In the wake of resistance to Black Lives Matter protests against racial injustice in cities like Portland, Oregon; Kenosha, Wisconsin; and others, we decided to take a look at race relations in the small towns and suburbs of Connecticut. What we found was disturbing.
In some ways, the show feels inadequate. I wish we could have included more of the many people who have experienced racist behavior in our small towns of Connecticut. We won't get to talk to a woman from Farmington who received a threatening note at her home for hanging a Black Lives Matter banner, a student from Killingly who experienced racial bullying, a young BLM organizer in Durham, or a woman angry that Confederate flags are still sold at the Durham fair. I know about these. Most incidents never make the news.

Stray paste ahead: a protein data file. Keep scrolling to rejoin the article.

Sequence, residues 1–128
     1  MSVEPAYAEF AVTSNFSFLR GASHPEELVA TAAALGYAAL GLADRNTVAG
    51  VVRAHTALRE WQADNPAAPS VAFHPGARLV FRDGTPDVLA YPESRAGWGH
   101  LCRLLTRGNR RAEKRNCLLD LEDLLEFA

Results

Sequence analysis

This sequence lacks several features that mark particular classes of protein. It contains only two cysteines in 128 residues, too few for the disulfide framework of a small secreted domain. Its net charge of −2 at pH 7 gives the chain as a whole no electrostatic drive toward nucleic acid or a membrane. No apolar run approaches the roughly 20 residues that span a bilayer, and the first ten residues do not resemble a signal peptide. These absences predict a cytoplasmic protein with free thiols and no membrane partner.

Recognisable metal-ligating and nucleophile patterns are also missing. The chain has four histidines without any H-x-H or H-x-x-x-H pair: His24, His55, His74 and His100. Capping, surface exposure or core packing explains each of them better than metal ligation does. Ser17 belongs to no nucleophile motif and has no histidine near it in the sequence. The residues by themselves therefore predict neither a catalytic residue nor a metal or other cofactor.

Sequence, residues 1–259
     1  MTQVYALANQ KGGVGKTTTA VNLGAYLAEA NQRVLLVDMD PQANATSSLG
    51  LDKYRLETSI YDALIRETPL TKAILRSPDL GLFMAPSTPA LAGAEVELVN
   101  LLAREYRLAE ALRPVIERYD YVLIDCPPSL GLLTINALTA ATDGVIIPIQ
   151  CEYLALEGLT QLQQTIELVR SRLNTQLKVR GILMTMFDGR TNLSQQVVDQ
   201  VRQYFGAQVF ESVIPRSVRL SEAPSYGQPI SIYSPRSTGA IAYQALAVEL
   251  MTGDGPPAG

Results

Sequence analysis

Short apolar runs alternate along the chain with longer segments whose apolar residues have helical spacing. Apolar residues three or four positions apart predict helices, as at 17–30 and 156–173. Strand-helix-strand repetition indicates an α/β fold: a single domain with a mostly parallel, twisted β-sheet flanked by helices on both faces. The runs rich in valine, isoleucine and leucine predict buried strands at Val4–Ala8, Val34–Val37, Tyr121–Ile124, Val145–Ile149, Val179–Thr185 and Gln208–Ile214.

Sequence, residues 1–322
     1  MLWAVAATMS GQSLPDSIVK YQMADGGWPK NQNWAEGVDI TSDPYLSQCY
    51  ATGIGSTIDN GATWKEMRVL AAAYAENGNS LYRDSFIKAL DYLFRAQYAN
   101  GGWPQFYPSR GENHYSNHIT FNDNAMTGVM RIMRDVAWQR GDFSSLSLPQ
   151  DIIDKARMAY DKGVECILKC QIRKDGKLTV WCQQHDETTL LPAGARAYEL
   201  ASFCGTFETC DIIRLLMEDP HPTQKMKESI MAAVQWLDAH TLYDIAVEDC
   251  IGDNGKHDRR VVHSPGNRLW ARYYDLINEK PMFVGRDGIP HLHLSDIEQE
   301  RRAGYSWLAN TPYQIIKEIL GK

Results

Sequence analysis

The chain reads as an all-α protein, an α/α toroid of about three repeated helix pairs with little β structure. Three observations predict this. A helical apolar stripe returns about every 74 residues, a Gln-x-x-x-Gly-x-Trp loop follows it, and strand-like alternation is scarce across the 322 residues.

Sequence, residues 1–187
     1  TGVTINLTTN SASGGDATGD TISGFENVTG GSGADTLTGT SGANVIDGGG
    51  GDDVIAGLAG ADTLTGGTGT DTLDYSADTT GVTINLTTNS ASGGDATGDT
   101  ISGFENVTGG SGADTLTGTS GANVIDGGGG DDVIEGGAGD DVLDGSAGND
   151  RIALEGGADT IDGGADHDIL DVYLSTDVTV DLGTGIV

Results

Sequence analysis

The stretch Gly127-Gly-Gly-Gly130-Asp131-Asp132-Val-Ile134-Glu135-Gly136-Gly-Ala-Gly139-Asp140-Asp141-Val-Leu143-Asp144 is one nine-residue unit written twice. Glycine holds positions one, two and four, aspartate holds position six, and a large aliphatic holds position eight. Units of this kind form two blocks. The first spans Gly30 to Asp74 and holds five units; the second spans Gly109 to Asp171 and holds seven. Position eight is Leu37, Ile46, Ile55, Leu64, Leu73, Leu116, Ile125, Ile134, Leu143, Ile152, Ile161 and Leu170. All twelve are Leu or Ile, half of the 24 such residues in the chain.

This hour, what’s it like to be black and living in a small town or suburb in Connecticut? How do we begin to change the structures that keep racism alive?
- Gary Greenberg is a psychotherapist, the author of The Book of Woe: The DSM and the Unmasking of Psychiatry, and the first selectman of Scotland, Connecticut
- Drew John Ladd is a blogger, activist, and the author of Wolfsong, Beloved
- Leah Ralls is the president of the Windham/Willimantic NAACP and a social worker for Connecticut’s Division of Public Defender Services
- Al Robinson is a blogger, activist, and the publisher of My Left Nutmeg
Colin McEnroe and Cat Pastor contributed to this show.